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II:"I would say we had a vision, but it wasn't really selectively thought out."

Was that vision accurately reflected with your first album?

At the beginning, it was a very democratic situation. And I think very much...we recorded the first album in like no time. We recorded seven songs in like eight hours. We knew everything so well that the first album, the reason it's so kind of tight and short is that we were well-rehearsed. I think had we kind of been a little bit more unsure of ourselves in that regard, we might have even done a better first album, because we might have actually spent more time in the studio working out studio stuff. 'Cause none of us really had any studio experience. That was really the beginning of it. David had a little bit. I had a little bit, but not much, you know. Once we got together and started talking about this stuff, it became evident that we wanted to have original material that reflected somewhat the psychedelic/middle eastern kind of...I wouldn't kind of say phony spirituality, but that kind of metaphysical kind of area that seemed to so important at that time, you know what I mean?

The song that I wrote on the first album, called "Keep Your Mind Open," which is the one that MOJO picked on the Top Twenty psychedelic songs of all time, and apparently it's the one that's at the Rock and Roll Hall of Fame now, that uses that same list as their list. That was about the Vietnam War, and that was one of the few politically charged kind of pieces of music that I ever wrote, and it was very strong. It's the one that gets on the anthologies, and the one that seems to get mentioned all the time. It had all the middle eastern instruments, but it wasn't fast, and it wasn't very kind of slow enough...you've got the guns bursting at the end and everything. That one, and "If the Night," and "Pulsating Dream"--it was actually a song that was called something else that we liked the melody to, but it wasn't "psychedelic" enough. But David and Solomon sat down one day and just wrote like almost half-psychedelic words to that, [because] it needed to be on there. That actually started out as "I Guess I'll Move on Down the Line," which is actually on my first album. It was my Dad's favorite song I ever wrote, he always loved that song. But that song turned into something else.

So those songs were written kind of...that was almost like hack writing. "If the Night" comes from the Floggs, the band I had before. "Keep Your Mind Open" was written for the Kaleidoscope. "Come On In, Ain't Nobody Home But Me" was a song that I did with my other band. "Hesitation Blues" and then Chester brought in the Cab Calloway song. Then Solomon wrote "Elevator Man," which wasn't on the first record, but it was the B-side of the first single. "Please" and a couple others, and that was pretty much the record. I would say from the first album, probably two-thirds of the stuff would be my songwriting, or through the band I had been playing with previous to this. They were certainly different. "If the Night," that was me singing it, but it was Solomon ended up doing a good interpretation of that song.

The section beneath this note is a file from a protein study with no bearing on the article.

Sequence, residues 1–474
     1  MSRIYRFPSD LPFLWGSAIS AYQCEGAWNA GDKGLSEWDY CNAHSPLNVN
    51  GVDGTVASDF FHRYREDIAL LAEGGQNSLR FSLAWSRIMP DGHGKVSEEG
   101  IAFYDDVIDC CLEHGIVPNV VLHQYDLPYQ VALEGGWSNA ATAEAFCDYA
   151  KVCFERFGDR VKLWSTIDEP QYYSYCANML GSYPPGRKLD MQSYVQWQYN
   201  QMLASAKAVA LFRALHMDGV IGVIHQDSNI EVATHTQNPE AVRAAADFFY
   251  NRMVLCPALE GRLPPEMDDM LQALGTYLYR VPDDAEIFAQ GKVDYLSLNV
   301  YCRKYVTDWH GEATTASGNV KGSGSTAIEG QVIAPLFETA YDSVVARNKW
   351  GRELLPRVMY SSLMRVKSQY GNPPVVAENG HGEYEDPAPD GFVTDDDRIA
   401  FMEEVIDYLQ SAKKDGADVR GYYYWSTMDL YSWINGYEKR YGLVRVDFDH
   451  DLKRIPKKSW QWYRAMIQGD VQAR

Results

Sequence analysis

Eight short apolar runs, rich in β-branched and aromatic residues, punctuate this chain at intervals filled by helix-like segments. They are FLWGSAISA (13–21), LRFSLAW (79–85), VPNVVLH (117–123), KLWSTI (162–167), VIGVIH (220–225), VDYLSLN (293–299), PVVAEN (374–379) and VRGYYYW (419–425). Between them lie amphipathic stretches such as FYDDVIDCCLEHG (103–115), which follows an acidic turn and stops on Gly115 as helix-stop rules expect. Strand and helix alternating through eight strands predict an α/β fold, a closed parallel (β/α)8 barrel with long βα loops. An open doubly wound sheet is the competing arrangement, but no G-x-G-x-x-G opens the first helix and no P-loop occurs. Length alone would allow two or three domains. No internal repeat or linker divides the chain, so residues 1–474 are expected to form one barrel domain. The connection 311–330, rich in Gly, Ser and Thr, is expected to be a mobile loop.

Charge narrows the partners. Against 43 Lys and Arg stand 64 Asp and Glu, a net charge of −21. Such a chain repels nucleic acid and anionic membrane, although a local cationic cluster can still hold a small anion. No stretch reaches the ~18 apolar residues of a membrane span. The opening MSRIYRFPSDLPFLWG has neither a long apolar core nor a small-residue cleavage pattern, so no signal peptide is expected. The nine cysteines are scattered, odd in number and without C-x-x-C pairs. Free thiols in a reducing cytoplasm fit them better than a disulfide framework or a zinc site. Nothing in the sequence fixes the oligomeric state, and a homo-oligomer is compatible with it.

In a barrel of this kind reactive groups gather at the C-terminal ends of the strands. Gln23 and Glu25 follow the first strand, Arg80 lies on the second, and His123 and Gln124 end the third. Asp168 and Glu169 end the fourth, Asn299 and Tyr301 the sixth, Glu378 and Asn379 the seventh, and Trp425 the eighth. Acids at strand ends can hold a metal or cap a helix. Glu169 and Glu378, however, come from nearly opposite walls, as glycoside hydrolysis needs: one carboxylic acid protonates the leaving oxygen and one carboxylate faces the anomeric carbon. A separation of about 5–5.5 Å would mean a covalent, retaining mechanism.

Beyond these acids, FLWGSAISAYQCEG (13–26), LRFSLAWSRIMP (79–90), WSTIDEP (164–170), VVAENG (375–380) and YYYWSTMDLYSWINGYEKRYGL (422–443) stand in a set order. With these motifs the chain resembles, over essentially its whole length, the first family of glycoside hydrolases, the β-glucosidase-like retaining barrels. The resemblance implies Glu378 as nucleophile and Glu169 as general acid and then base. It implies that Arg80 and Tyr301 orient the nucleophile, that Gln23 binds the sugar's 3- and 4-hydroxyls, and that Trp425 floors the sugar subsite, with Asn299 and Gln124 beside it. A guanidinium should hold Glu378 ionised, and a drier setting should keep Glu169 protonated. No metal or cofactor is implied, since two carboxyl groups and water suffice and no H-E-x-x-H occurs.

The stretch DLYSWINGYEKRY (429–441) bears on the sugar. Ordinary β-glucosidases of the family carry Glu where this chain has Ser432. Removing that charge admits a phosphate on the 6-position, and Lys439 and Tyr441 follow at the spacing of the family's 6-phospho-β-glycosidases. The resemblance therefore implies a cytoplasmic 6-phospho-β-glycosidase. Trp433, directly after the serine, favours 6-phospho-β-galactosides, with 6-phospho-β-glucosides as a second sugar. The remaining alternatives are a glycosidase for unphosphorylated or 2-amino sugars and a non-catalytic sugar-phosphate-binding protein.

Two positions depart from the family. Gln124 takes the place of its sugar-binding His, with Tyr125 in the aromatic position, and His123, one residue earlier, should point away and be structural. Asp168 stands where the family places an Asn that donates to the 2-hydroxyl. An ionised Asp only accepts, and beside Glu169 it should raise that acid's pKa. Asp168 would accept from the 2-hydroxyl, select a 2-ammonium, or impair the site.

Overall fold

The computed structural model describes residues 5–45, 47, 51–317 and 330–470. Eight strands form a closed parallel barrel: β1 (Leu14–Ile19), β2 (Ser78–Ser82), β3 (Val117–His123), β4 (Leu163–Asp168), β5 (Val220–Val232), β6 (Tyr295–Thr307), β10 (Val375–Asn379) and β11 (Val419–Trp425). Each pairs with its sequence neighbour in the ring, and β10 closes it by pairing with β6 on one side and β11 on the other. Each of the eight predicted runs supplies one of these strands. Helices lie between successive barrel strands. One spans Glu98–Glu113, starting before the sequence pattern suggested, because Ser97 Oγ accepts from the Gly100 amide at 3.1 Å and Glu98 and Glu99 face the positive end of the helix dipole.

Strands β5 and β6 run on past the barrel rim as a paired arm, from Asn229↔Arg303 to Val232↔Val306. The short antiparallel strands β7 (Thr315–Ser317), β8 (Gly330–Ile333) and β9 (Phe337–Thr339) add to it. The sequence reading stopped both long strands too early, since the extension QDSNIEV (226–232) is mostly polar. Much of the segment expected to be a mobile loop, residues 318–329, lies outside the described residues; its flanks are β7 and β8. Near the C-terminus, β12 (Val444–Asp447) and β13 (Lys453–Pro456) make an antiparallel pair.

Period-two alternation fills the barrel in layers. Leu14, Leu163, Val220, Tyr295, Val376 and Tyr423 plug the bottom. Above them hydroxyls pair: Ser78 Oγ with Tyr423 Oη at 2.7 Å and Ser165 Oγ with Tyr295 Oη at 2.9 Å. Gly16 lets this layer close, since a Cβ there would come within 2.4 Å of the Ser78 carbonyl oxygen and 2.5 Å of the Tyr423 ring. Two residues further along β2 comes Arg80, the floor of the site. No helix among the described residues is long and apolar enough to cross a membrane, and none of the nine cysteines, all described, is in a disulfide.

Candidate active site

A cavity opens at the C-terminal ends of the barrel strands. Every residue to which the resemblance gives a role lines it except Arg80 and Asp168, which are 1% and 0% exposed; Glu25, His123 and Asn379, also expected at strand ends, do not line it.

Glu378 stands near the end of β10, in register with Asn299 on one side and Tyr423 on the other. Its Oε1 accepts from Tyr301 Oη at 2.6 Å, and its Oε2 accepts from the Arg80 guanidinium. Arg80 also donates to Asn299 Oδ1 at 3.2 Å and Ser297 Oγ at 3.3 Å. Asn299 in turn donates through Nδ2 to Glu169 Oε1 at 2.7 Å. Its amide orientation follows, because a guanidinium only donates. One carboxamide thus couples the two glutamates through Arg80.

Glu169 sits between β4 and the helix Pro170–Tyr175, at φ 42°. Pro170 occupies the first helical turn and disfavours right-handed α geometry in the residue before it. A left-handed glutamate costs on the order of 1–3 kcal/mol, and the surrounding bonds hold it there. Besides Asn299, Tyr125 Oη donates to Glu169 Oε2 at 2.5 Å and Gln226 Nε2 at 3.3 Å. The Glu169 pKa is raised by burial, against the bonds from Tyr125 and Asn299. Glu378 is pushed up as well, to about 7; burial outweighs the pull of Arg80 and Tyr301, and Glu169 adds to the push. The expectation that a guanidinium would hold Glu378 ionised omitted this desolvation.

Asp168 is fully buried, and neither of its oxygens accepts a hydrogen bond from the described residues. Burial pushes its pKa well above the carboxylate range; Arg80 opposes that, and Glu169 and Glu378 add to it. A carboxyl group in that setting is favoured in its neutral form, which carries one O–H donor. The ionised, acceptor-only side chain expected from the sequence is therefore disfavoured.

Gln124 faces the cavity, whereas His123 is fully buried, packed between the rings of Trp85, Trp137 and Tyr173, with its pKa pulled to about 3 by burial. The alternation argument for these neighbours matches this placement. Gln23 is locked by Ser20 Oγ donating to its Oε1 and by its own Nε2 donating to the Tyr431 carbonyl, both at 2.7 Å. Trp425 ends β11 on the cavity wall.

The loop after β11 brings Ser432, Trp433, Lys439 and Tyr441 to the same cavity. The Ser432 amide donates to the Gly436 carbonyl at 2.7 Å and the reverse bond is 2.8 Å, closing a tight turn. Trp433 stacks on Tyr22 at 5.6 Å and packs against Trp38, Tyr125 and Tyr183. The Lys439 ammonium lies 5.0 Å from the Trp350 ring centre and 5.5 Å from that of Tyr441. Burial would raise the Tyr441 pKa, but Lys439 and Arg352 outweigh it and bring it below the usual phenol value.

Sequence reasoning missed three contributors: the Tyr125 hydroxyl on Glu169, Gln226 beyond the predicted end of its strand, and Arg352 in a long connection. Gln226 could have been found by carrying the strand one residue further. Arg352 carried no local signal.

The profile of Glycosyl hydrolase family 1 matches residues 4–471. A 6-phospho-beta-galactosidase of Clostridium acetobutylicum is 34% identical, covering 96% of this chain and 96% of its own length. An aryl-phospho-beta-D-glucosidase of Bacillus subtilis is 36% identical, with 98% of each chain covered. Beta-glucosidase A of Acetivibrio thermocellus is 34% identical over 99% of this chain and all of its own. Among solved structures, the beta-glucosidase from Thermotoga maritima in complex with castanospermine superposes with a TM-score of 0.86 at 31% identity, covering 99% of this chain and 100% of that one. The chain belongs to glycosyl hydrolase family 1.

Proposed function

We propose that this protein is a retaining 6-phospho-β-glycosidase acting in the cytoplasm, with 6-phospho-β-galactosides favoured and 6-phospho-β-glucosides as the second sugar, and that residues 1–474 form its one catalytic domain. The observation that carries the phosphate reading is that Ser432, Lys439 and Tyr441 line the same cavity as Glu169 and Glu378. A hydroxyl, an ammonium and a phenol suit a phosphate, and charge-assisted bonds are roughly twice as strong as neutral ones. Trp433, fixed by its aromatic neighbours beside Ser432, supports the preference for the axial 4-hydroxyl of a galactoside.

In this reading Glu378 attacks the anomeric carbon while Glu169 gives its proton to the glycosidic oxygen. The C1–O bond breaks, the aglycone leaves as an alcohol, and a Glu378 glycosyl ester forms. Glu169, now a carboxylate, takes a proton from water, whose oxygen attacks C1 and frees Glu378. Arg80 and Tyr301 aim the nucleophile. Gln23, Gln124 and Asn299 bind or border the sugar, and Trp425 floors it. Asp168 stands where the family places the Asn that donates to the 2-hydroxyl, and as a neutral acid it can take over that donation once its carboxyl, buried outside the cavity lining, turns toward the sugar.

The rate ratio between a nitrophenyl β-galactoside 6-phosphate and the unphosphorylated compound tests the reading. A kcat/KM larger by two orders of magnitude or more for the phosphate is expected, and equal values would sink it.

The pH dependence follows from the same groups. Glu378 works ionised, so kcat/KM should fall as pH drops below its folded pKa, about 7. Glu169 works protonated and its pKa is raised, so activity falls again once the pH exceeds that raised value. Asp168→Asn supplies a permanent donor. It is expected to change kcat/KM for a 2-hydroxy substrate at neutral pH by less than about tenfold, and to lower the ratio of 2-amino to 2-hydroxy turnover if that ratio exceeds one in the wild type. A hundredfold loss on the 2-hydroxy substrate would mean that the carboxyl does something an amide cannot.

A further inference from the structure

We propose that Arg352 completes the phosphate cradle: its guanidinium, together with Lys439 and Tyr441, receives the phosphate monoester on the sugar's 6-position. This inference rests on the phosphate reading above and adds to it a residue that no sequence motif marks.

I would say we had a vision, but it wasn't really selectively thought out. It wasn't like a producer came and told us what to do. Barry Friedman was very instrumental in getting this band kind of hooked up, together, but in terms of him giving us ideas about that kind of stuff, this is what I think you should write. We pretty much came up with our own stuff. We self-edited within the band, pretty much. Chester and I ended up sort of being. David and I had been playing together for years. He and Solomon seemed to link up sort of vibrationally in the band, and Chester and I seemed to link up vibrationally. And John was kind of in the middle, the drummer. So as it turned out, after the first couple of records, which everybody always considers the best ones, I left. The third album, which I think may be musically, could be the best record, was basically tested out with the band that I was in. We had already done all those songs before the third album was recorded. It was just done with different guys by the time that those guys came in. I think that album really was, even though Stuart Brotman's playing bass and Paul Lagos was playing drums, it could have very easily been me and John, because I think two-thirds of those songs, we'd already done in the band previous to that.

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